MANILA - Vice President Leni Robredo could become the leader of the opposition after she quit President Rodrigo Duterte's cabinet due to policy differences, a political analyst said Monday.
Robredo resigned as housing secretary, ending a five-month stint in Duterte's official family. She has differed with the President on alleged extrajudicial killings of illegal drug suspects and the burial of the late strongman Ferdinand Marcos at the Libingan ng mga Bayani (Heroes' Cemetery).
If the disagreements deepen, Robredo could assume the role as "de facto leader" of the opposition, De La Salle University political science professor Richard Heydarian told ABS-CBN's "Umagang Kay Ganda."
"Sa isang functioning, healthy democracy, kailangan talaga ng mobilized opposition. At aminin natin, over the past five or six months, hindi klaro kung sino ang leader ng opposition," he added.
(In a functioning, healthy democracy, a mobilized opposition is necessary. Let's admit it, over the past five or six months, it is not clear who the leader of the opposition is.)
Duterte enjoys majority support in both the Senate and the House of Representatives. Robredo is a member of the Liberal Party, whose standard-bearer, Mar Roxas, lost to Duterte last May.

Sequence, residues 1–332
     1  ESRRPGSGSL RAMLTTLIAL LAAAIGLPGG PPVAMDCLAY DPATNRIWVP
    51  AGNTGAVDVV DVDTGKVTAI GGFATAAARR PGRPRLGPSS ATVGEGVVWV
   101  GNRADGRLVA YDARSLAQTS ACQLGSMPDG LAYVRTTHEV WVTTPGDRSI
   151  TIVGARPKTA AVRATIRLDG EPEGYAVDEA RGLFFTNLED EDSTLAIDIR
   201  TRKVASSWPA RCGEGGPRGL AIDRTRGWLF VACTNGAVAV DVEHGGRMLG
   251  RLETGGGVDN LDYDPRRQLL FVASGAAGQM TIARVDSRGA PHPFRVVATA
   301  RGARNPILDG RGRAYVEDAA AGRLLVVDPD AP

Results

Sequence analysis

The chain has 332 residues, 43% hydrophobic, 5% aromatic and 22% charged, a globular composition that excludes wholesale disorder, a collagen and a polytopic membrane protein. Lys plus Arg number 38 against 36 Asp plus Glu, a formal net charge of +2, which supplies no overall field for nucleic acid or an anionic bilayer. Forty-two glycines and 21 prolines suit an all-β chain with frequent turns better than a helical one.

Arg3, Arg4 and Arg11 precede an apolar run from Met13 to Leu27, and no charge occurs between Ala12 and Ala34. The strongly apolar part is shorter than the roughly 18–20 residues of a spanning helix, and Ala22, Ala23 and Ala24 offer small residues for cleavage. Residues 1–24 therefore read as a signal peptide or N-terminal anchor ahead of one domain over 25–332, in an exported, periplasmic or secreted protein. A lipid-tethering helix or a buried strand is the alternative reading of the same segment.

Robredo's resignation, however, may not herald the ouster of Duterte, unlike the 2001 break between then president Joseph Estrada and his vice president, Gloria Macapagal-Arroyo.
Allegations of massive corruption sparked a military-backed popular revolt against Estrada that eventually swept Arroyo into power.
Unlike Estrada, Duterte enjoys high survey ratings, Heydarian said.
Duterte, through text messages passed on by two senior aides, asked Robredo to stop attending future cabinet meetings. Heydarian said this could be considered a "constructive dismissal" of the Vice President from the Cabinet.